Government Monitoring of Journalists, Then and Now

05.22.13 | 4 min read | Text by Steven Aftergood

When the Central Intelligence Agency prepared its famous 1973 compilation of dubious and illegal Agency activities known as the “Family Jewels,” it included several instances in which reporters were tracked or monitored in order to identify their sources.  While these activities were technically “approved” by senior Agency officials, they also “conflict[ed] with the provisions of the National Security Act of 1947,” presumably since they exceeded CIA’s charter and jurisdiction.

But now, in the wake of recent developments involving seizure of Associated Press telephone records and the identification of Fox News reporter James Rosen as a purported co-conspirator in a leak of classified information, such once disreputable tracking of journalists threatens to become the new normal.

“At the direction of the DCI, a surveillance was conducted of Michael Getler of the Washington Post during the periods 6-9 October, 27 October-10 December 1971 and on 3 January 1972,” the Family Jewels document stated. “In addition to physical surveillance, an observation post was maintained in the Statler Hilton Hotel where observation could be maintained of the building housing his office. The surveillance was designed to determine Getler’s sources of classified information of interest to the Agency which had appeared in a number of his columns.”

Likewise, “At the direction of the DCI, surveillance was conducted of Jack Anderson and at various times his ‘leg men,’ Brit Hume, Leslie Whitten, and Joseph Spear, from 15 February to 12 April 1972. In addition to the physical surveillance, an observation post was maintained in the Statler Hilton Hotel directly opposite Anderson’s office. The purpose of this surveillance was to attempt to determine Anderson’s sources for highly classified Agency information appearing in his syndicated columns.” (“Surveillance of Journalists: A Look Back,” Secrecy News, September 19, 2012).

Those were seemingly rare and isolated incidents.  Although “DOJ and the FBI receive numerous media leak referrals each year, the FBI opens only a limited number of investigations based on these referrals,” the FBI told Congress in 2010 answers to questions for the record.  That is due in part to the fact that the FBI deliberately avoided investigations of news media organizations.

“We have interpreted DOJ’s formal policy on obtaining information from members of the news media, codified at 28 C.F.R. §50.10, as requiring that such leak investigations focus on potential leakers rather than reporters,” FBI Director Robert Mueller told the Senate Judiciary Committee. “While this policy appropriately balances the importance of First Amendment freedoms with the strong national security interest in keeping classified information from disclosure, it necessarily limits the prosecutor’s access to the reporter who received the sensitive information. In the rare case in which DOJ issues a subpoena to a reporter for information about the source of a leak, the information is not necessarily produced.” (“FBI Found 14 Intel Leak Suspects in Past 5 Years,” Secrecy News, June 21, 2010).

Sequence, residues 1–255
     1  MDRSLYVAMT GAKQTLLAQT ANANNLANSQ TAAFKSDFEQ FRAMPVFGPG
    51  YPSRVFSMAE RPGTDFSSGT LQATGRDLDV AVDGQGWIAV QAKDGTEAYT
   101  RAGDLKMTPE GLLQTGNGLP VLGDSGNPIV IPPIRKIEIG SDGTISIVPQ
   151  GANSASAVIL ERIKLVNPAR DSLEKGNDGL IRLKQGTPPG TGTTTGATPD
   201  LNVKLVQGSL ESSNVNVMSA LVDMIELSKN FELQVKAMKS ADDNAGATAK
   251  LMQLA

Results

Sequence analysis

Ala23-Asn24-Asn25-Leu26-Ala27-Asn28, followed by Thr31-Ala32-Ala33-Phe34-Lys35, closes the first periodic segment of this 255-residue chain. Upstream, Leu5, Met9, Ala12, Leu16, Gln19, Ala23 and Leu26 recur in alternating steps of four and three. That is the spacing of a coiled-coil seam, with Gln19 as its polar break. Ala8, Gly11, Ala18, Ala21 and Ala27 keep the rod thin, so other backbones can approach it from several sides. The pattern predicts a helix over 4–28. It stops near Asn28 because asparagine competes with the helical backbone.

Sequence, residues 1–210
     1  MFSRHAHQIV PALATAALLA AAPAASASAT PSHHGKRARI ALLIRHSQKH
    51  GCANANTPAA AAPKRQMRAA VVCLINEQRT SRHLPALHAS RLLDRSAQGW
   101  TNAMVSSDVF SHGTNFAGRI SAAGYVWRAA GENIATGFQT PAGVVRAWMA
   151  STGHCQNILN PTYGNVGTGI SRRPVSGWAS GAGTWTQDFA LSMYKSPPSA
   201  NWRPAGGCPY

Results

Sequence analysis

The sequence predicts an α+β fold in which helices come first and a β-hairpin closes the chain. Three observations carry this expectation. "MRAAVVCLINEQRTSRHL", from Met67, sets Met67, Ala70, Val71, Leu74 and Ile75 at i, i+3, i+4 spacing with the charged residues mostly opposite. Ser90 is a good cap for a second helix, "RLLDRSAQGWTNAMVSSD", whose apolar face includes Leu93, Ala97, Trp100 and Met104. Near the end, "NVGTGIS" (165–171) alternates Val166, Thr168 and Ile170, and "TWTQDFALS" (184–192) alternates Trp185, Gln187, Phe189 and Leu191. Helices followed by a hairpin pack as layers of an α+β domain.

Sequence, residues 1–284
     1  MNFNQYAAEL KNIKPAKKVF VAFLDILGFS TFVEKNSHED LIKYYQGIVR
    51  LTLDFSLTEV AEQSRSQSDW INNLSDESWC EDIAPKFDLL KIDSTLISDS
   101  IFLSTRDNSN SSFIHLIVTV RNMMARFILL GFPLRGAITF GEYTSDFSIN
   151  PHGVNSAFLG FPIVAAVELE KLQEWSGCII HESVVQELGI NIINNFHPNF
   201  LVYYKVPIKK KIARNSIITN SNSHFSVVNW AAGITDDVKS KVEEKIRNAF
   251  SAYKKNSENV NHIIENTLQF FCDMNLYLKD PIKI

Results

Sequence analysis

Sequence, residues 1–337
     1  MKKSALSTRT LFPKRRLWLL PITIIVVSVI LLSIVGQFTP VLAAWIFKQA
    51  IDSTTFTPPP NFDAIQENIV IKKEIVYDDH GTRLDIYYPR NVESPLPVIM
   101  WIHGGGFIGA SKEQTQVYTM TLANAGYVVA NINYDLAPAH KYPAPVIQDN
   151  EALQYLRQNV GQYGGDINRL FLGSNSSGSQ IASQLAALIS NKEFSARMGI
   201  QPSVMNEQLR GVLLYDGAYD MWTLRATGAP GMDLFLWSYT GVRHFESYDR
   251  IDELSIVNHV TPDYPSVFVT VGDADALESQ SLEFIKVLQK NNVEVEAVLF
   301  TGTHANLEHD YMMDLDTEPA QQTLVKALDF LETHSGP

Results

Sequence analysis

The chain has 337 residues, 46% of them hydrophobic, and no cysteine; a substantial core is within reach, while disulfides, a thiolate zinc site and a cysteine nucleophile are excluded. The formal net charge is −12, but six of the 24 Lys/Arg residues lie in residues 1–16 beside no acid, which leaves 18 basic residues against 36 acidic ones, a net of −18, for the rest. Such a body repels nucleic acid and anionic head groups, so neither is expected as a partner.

But today, any news organization that successfully “solicits” disclosure of classified information evidently must consider the possibility that the records of its communications will be subject to government review, contemporaneously or even long after the fact.  In the absence of congressional intervention to restore the previous status quo, the mere prospect of such monitoring will induce a dramatic change in the landscape of national security reporting, and in the character of all contacts between government officials and members of the public.

One thin line that has not yet been crossed is the prosecution of journalists for violating the Espionage Act by reporting classified information.

A Wall Street Journal editorial yesterday suggested oddly that such a prosecution had already occurred:  “We can recall only a single such prosecution of a journalist under the Espionage Act in 95 years,” the Journal editors wrote (“A Journalist ‘Co-Conspirator’,” May 20).  But this appears to be an error, and the editors did not identify the case they had in mind.

The nearest approach to the prosecution of a reporter or a news organization for violating the Espionage Act seems to have occurred during World War II when the Chicago Tribune published a story concerning Japanese war plans based on classified intelligence.  In 1942, a grand jury was convened at the request of the U.S. Navy to weigh charges against the Tribune or its reporter, Stanley Johnston, but the grand jury was soon disbanded. No charges were brought, and no prosecution ensued.  The episode was vividly recounted by Gabriel Schoenfeld in chapter 6 of his 2010 book Necessary Secrets.  Mr. Schoenfeld indicated via email today that he was not aware of any actual prosecutions of journalists under the Espionage Act.

A timeline of leak investigations involving journalists from 2003 to the present was presented by Shane Harris of the Washingtonian’s Dead Drop blog.

The possibility of indicting reporter Seymour Hersh in 1975 was raised by then-deputy White House chief of staff Dick Cheney, as described by PBS Frontline (h/t Ryan Goodman).  It was not pursued.